4. Start taking measurements for a while (you’re in the first “A”),
  5. Implement the change and keep measuring (now you’re in “AB”),
  6. Then cut out the change and continuing measuring until you’re done (“ABA”).

What you’ll look for is whether your variable changes during the “AB” and “BA” transitions. If it does, you probably found something. If not, try something new.

For example, as hinted at above, one experiment I’m doing is working on reducing pain I have in a certain tooth. I’ve tested a number of things (including cutting out ice cream and acidic foods) and now I’m investigating the contribution to the problem my grinding might be making. In this case “A” is wearing a mouth guard at night (my baseline), and “B” is wearing it during the day too. I just finished the second “A,” and my results were surprising: not much difference! (I’m now investigating what appears to be a diurnal cycle.)

A second, odder type of experiment is one that takes advantage of the subject’s symmetry by testing two treatments in parallel. (I’m told that in statistics this is called “blocking,” but I haven’t found a good reference yet.) I recently used this to test different cold weather clothing for mountain biking by wearing different footwear on the left and right sides during the same ride. One result was that the order of sock/bootie/neoprene layers did not matter; left and right sides were not appreciably warmer. Another left/right example is what a friend did when she got poison ivy. She didn’t know which over-the-counter treatment to use, so she tested one on each side – brilliant! (In this case, my friend found out something that no one could have told her – how well the treatments work for her. This highlights a fundamental truth that underlies much of our work: What matters most to me is not whether it works for everyone, but whether it works for me.) A final experiment is one I started last year when we painted half of our house with latex paint and the other half with an oil-based one. It’s only been a year, but there is zero difference so far.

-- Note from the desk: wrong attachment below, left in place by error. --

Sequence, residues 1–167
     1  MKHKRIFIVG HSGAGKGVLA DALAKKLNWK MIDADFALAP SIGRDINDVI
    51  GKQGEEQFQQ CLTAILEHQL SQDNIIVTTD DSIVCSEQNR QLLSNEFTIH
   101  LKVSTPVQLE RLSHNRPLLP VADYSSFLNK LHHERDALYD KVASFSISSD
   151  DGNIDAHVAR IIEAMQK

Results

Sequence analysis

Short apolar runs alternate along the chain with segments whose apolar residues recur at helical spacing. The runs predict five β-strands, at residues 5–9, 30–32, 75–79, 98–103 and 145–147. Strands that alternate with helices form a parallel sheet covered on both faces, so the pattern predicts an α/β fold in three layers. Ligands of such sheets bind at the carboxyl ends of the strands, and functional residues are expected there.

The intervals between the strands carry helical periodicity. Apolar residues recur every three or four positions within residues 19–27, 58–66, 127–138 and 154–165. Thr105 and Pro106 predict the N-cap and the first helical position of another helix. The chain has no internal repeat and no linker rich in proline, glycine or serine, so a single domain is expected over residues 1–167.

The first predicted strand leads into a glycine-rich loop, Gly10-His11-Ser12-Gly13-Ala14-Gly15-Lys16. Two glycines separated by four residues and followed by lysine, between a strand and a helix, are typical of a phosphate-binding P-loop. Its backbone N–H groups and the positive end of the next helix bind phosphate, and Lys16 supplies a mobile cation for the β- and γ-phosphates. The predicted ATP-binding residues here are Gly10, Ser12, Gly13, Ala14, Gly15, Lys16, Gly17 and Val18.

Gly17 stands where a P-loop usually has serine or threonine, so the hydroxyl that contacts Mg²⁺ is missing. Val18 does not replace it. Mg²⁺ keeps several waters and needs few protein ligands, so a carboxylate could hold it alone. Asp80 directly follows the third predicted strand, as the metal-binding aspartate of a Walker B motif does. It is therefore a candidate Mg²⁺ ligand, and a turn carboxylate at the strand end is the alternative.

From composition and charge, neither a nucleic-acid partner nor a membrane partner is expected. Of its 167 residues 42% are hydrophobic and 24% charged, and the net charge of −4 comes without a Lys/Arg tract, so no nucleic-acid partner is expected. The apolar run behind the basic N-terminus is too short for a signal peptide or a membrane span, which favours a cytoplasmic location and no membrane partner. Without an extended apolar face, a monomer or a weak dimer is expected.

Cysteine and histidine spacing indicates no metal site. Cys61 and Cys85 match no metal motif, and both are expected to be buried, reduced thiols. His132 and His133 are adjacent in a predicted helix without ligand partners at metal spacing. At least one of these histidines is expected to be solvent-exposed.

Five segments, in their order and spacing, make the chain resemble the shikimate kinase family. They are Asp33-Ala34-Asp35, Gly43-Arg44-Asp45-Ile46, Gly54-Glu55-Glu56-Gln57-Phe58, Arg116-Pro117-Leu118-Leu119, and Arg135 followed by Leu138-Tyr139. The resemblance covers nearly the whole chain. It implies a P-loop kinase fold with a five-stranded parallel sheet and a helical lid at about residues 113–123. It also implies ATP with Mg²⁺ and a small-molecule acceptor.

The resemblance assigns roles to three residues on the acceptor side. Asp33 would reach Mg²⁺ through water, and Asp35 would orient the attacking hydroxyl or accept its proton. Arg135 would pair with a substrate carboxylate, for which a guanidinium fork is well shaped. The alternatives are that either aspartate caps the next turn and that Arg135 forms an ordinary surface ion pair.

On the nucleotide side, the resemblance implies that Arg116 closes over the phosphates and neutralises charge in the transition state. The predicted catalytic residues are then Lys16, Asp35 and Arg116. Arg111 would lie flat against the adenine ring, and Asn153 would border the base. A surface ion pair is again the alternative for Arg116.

I am very curious to hear if you know of other types of designs besides these two.

Allow time for understanding to grow

A frustration I face with complex subjects (like human bodies, and our behavior and relationships) is that it can take time to figure out which variables are relevant to the problem, and how long they take to demonstrate their effect. For example, I’ve struggled with a mood disorder for years, and, like my insomnia experiments, I’ve tested out different remedies such as meditation and medications. However, it’s not so straightforward when you factor in life events, stressors, and biochemical “weather.” (I found the post QS Measuring Mood gave a great overview of the complexities of measuring mood, by the way.) Another example is changing diet. Maybe you’re different, but it took months before I noticed certain results of a vegan diet. Or take business networking – how do you determine results when effects are indirect, especially with social investments like meeting people?